You've heard the term and probably read stories about smart homes and devices that communicate with each other. But what makes it all connect? There is no agreed-upon definitive definition, but there is a test for determining whether something is part of the Internet of things (IoT): There are lots of questions about IoT. -- Does one vendor's product work with another's? Does a door lock by one vendor communicate with a light switch by another vendor, and do you want the thermostat to be part of the conversation?
One thing is for sure, the Internet of Things is here -- at least the beginnings are. Several of today’s Enterprise Software Developers are taking a close look at the issues surrounding “The Internet of Things.” They have questions like, “Will it free up human potential? Will everyone share in its benefits, or just those who capitalize on it?” These are the types of issues that may be raised at the Philosophy of the Internet of Things conference in July at York St. John University in the U.K. Beginning July 3, this may be the first such conference organized around this topic. One of its organizers, Justin McKeown, head of the program for Fine Art and Computer Science at York St. John, explained some of the issues in an interview conducted via email. Computer science and fine art are separate programs, but the university has introduced mandatory computer programming classes for all first year fine arts students with the "aim to produce creative and innovative individuals who are able to affect and adapt to changes".
What makes the Internet of Things important enough to warrant such a conference? The conference was prompted by the shared understanding between co-organizers -- Joachim Walewksi and Rob Van Kranenburg -- that the Internet of things is not only a technological revolution, but also social revolution. Yet its technological development is being spurred on primarily by business and commerce concerns. We need to think about the social aspects of the technology, as well. Just because we can build something doesn't necessarily mean we should.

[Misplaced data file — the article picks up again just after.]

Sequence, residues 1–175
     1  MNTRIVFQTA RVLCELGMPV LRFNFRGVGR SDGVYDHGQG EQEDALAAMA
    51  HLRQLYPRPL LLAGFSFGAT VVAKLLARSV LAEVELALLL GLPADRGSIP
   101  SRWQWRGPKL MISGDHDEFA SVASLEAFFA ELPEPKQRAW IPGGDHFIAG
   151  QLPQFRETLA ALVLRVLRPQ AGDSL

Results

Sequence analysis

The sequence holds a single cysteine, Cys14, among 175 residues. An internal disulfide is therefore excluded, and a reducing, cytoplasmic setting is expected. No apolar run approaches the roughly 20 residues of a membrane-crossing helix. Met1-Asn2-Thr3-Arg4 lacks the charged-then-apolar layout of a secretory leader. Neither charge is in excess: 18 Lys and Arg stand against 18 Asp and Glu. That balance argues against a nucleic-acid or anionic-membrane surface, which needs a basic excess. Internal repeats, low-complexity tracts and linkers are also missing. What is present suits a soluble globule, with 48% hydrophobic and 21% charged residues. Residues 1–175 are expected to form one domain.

Is this increasing automation freeing up human potential? Is there a downside risk that it could diminish human potential? This is a question Plant-wide thinks about a lot. If we look at the first industrial revolution, we see that it did free up human beings by relieving many of them of the burden of their jobs, through mechanization. While it freed humans up, it didn't relieve the economic problems brought about by lack of income caused by lack of work. So in the short-term, based on prior historical evidence, it's not guaranteed that this will free up all human potential. However, if we reflect on the long-term benefits of the first industrial revolution, we can see that it did eventually take us to a place where human potential was free enough to engage in other things. Hence the need to start thinking about the philosophical implications IoT is now. This is exactly the type of thinking that needs to happen so that the IoT benefits the maximum number of people and not just those smart enough to capitalize on a disruptive technology.